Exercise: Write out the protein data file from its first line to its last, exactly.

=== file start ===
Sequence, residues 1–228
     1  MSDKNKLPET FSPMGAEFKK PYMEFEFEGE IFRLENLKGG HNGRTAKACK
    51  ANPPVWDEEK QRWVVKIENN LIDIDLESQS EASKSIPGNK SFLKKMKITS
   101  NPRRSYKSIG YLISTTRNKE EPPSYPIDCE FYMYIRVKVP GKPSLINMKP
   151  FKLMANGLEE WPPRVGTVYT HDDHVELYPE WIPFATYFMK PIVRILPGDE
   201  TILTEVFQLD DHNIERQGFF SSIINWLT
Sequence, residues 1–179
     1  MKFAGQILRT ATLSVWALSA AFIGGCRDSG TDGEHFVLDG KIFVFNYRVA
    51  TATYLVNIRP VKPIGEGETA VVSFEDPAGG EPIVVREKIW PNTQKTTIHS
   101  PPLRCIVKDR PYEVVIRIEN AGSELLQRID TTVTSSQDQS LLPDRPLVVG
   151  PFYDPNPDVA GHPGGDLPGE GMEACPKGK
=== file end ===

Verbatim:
Sequence, residues 1–228
     1  MSDKNKLPET FSPMGAEFKK PYMEFEFEGE IFRLENLKGG HNGRTAKACK
    51  ANPPVWDEEK QRWVVKIENN LIDIDLESQS EASKSIPGNK SFLKKMKITS
   101  NPRRSYKSIG YLISTTRNKE EPPSYPIDCE FYMYIRVKVP GKPSLINMKP
   151  FKLMANGLEE WPPRVGTVYT HDDHVELYPE WIPFATYFMK PIVRILPGDE
   201  TILTEVFQLD DHNIERQGFF SSIINWLT
Sequence, residues 1–179
     1  MKFAGQILRT ATLSVWALSA AFIGGCRDSG TDGEHFVLDG KIFVFNYRVA
    51  TATYLVNIRP VKPIGEGETA VVSFEDPAGG EPIVVREKIW PNTQKTTIHS
   101  PPLRCIVKDR PYEVVIRIEN AGSELLQRID TTVTSSQDQS LLPDRPLVVG
   151  PFYDPNPDVA GHPGGDLPGE GMEACPKGK